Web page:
After the 2010 earthquake in Haiti, MSF distributed a press release saying that our planes were blocked from landing in Port-au-Prince. @MSF-USA sent out the press release over Twitter. It was picked up by the NBC News anchor Ann Curry, who had over a million followers on Twitter. A series of Twitter messages followed below that ultimately were helpful in applying necessary pressure on the U.S. government, which at the time was controlling air traffic into Port-au-Prince international airport, to facilitate the landing of MSF planes carrying essentially supplies for our surgical teams operating in several field hospitals. A combination of offline and online communications with Ann Curry played an important role in the response from top levels of the U.S. military. The office of Adm. [Mike] Mullen, head of the U.S. Joint Chiefs [of Staff], contacted MSF directly to address the issue and help in facilitating additional MSF aid flights reaching the destroyed capital.
@AnnCurry: One of the best saving lives in Haiti is http://bit.ly/6×77wX Their hospital is still standing..but needs medicines, more doctors [10:45 AM Jan 17]
@AnnCurry: To the US military, running Haiti’s airport, find a way to let Doctors without Borders planes land: http://bit.ly/8hYZOK [10:55 AM Jan 17]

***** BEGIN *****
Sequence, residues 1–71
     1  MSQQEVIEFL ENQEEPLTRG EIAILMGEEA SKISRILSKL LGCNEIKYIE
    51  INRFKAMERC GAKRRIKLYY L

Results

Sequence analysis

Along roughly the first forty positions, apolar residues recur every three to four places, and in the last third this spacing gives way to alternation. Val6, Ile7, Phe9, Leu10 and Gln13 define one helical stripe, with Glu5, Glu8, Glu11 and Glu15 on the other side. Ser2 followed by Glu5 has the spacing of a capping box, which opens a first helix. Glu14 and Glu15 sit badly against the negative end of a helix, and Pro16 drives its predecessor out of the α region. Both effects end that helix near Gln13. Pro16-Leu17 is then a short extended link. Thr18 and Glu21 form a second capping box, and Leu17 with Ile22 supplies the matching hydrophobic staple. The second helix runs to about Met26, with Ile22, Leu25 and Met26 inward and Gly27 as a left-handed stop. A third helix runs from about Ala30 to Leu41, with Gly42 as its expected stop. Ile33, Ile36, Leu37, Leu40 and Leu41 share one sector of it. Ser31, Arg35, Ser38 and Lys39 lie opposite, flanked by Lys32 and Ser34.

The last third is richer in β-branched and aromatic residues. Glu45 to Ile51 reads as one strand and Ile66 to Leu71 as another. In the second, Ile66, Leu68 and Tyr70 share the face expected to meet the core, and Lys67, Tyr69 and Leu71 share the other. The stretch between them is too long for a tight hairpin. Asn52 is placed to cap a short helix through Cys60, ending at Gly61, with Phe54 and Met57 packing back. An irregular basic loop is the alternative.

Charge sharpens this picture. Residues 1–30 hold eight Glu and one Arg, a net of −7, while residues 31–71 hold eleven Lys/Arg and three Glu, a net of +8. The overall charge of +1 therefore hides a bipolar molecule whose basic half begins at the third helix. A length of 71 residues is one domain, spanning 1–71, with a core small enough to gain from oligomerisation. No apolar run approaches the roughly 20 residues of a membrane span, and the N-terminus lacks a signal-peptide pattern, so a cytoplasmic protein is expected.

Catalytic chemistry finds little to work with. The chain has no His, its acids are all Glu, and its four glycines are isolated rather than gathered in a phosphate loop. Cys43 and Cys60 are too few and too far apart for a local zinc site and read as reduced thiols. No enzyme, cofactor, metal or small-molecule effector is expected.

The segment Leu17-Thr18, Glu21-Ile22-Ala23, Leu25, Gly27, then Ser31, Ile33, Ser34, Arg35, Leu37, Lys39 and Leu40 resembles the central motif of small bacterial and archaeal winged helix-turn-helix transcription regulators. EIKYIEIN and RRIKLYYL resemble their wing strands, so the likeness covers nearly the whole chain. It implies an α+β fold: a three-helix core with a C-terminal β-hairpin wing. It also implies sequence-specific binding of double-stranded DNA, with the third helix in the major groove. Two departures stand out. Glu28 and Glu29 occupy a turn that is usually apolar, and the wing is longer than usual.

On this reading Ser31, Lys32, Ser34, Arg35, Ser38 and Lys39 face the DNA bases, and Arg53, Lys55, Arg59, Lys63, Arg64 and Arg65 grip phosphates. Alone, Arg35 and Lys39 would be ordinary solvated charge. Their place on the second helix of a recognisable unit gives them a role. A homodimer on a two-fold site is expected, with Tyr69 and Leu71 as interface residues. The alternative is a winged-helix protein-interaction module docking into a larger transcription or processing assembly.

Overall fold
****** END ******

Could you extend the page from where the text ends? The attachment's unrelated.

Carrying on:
One of her followers told her that the U.S. Air Force, who was controlling the airport in Port-au-Prince, was on Twitter. She then sent this tweet:
@AnnCurry: @usairforce find a way to let Doctors without Borders planes land in Haiti: http://bit.ly/8hYZOKTHE most effective at this. [11:52 AM Jan 17]
People started retweeting Ann Curry. The U.S. Air Force Twitter account replied to these people saying that they are looking into the issue.
@MSF_USA tweets that one plane landed, but another plane also needs in at 3pm
@usairforce: RT @MSF_USA: Doctors Without Borders cargo plane finally lands in PaP #Haiti. 2nd plane to arrive 3pm Plz RT
@MSF_USA: @AnnCurry 2nd Doctors Without Borders plane with med supplies MUST land as scheduled at 3pm today #MSF #Haiti
@AnnCurry Doctor’s without Borders plane lands.. another is due at 3pm local.
What do development organizations, whether bilateral, multilateral, nonprofit or corporate, need to know about social media and how it can help them?
MSF’s experience with social media has demonstrated that there are vastly different opportunities to achieve organizational objectives from investing in the different social media platforms whether they are Twitter, Facebook, Tumblr or others. Facebook’s value is very different from that of Twitter. Understanding your objectives for any communication is fundamental to evaluating the appropriate platforms to disseminate those messages and the manner in which to engage supporters and influencers as well as the types of content to disseminate.
Eliza Villarino currently manages one of today’s leading publications on humanitarian aid, global health and international development, the weekly GDB. At Devex, she has helped grow a global newsroom, with talented journalists from major development hubs such as Washington, D.C, London and Brussels. She regularly writes about innovations in global development.